Republican Kevin Faulconer garnered nearly 55 percent of the vote
to defeat his City Council colleague, Democrat David Alvarez, who
was vying to become San Diego's first Hispanic mayor but finished
the night with just over 45 percent.
Faulconer, 47, declaring victory at a downtown hotel, is expected to
take the oath of office in early March to serve out the nearly three
years that remained in Filner's term as mayor of California's
second-most populous city.
"Together, you have sent a very strong message ... that this city is
going to stand up and work together to bring us all together," he
told his supporters.
Alvarez, 33, conceded defeat in a Twitter message congratulating
Faulconer. "It's clear that he will be the next mayor of San Diego.
I look forward to working with him."
Filner resigned in disgrace in August after nearly 20 women,
starting with his then-press secretary, publicly accused him of
making unwanted advances and other inappropriate behavior during his
brief tenure as San Diego's first Democratic mayor.
Faulconer emerged as the front-runner in an initial field of 11
candidates who ran to replace Filner in November. But he failed to
garner the simple majority needed then to win outright, setting the
stage for Tuesday's runoff with Alvarez, who had narrowly clinched
To supporters, Faulconer represents the center-right that was long
the political pedigree of mayors in San Diego, which has
traditionally tended to lean conservative, in part because of its
large military and retired military presence.
The 2012 election of Filner, a liberal Democrat who served 20 years
in Congress, was considered a political turning point.
APOLOGY, TREATMENT NOT ENOUGH
But Filner's career could not withstand the political and public
outcry against him as harassment allegations streamed in, even after
he apologized for his behavior and sought psychiatric treatment. He
later pleaded guilty to criminal charges of false imprisonment and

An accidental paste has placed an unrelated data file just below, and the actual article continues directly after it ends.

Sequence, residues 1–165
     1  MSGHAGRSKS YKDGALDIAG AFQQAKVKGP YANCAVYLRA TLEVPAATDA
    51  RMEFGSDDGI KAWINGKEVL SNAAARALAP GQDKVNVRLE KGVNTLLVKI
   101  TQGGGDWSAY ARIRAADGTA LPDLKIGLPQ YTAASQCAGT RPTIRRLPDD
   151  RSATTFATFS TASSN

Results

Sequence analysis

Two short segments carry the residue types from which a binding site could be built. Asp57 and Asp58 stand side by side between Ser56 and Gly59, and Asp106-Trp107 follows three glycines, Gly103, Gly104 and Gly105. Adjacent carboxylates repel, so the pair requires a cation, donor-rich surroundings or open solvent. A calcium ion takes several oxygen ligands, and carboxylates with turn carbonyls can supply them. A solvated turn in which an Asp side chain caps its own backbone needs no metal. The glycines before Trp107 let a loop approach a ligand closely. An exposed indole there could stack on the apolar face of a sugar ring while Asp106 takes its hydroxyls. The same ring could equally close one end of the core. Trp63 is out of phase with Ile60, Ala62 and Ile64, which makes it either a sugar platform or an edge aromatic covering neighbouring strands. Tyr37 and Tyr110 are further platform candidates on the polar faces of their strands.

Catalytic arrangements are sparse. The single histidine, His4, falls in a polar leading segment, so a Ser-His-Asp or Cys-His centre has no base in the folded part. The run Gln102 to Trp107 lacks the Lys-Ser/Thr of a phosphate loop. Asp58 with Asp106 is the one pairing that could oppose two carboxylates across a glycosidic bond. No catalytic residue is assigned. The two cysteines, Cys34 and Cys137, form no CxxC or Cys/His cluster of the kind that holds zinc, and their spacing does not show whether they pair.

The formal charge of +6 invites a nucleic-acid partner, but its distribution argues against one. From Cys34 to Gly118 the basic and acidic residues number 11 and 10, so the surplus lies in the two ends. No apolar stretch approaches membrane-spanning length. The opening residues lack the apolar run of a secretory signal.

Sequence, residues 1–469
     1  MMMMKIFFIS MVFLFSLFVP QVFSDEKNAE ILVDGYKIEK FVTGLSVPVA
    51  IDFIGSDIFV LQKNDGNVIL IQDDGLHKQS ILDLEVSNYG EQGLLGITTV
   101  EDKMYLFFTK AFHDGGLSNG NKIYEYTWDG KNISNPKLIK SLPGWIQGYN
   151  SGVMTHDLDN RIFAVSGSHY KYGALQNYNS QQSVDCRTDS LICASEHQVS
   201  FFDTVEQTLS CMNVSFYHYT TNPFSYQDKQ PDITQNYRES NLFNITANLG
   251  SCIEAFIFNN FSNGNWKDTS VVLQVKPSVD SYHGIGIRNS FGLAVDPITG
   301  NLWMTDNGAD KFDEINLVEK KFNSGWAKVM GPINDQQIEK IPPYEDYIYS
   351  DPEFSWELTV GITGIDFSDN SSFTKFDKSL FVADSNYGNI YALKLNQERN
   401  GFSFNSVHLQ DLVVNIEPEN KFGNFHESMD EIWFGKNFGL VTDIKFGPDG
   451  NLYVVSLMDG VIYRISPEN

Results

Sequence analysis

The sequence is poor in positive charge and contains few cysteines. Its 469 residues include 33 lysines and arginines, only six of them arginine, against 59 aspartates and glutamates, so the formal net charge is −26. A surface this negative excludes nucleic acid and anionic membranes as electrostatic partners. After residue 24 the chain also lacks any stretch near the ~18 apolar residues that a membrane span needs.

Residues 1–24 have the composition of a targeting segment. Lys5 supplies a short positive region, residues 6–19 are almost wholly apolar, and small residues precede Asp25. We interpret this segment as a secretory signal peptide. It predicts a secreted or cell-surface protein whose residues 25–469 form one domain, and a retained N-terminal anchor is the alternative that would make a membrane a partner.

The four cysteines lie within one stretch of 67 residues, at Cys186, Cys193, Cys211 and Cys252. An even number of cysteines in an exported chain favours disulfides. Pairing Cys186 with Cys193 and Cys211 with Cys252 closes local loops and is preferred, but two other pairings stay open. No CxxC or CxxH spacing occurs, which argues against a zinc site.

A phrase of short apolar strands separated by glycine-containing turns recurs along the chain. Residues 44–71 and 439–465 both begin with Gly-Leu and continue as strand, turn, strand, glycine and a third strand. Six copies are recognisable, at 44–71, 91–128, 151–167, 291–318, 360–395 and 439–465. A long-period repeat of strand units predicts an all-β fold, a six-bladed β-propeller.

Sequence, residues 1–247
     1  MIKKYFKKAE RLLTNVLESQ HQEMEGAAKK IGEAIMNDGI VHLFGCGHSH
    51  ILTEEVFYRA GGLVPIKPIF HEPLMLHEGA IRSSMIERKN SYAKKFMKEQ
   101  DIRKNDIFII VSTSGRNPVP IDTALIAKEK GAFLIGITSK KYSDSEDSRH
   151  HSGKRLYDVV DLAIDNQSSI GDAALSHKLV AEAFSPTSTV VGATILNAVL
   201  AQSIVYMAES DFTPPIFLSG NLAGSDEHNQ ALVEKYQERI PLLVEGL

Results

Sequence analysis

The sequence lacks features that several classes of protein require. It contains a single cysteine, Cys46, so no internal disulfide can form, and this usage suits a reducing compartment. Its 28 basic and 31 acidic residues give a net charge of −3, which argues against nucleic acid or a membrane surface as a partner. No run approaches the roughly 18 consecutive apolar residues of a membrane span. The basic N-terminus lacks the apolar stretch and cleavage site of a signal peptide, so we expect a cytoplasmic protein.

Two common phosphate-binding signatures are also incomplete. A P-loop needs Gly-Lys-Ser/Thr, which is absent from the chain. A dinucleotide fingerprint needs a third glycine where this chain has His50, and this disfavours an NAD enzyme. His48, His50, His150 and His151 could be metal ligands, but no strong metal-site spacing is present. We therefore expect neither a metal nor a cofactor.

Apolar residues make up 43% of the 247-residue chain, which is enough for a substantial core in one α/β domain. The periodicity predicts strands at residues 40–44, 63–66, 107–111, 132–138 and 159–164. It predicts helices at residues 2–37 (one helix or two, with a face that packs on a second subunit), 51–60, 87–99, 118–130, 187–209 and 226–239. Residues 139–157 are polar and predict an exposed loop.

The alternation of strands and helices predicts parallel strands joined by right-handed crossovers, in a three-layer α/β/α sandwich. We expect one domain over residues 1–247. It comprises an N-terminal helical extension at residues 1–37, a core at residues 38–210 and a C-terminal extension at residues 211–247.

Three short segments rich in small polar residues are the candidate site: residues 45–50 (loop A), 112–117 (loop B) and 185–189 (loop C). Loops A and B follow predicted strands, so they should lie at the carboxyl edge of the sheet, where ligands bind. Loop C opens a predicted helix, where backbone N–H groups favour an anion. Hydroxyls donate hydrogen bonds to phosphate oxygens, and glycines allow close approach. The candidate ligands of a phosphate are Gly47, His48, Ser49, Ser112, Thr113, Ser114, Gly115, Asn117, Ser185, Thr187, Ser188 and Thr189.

battery involving three women and was sentenced to three months of
[to top of second column]
On Monday, municipal officials announced that the city and Filner
had agreed to a $250,000 compensation package to settle the sexual
harassment suit brought by his first accuser, Irene McCormack
Jackson, with the entire sum coming from city coffers.
Alvarez, whose platform most resembled Filner's, was elected to the
city council in 2010 by largely working-class and Hispanic
neighborhoods, including San Ysidro and Barrio Logan, where he grew
up. He has established a track record of fighting for those
communities, often finding himself at odds with downtown interests.
Support from San Diego's Latino neighborhoods, long ignored by the
city's mainstream politicians, was seen as key in elevating Filner,
who ran on a progressive platform.
That same dynamic gave Alvarez a shot at becoming San Diego's first
Hispanic elected mayor — at least since California statehood — in a
city originally founded as a presidio, or military post, by the
Spanish five decades before Mexican independence.
The race between Faulconer and Alvarez turned nasty in the final
days of the campaign, with stacks of mailers alleging that Alvarez
is a tool of the unions and too young to run America's sixth-largest
Other mailers pointed out that Faulconer is a member of the San
Diego Yacht Club, voted to cut death and disability benefits for
firefighters, and charge that he is a pawn of downtown business
(Reporting by Marty Graham; editing by Steve Gorman, Ken Wills and Gunna Dickson)
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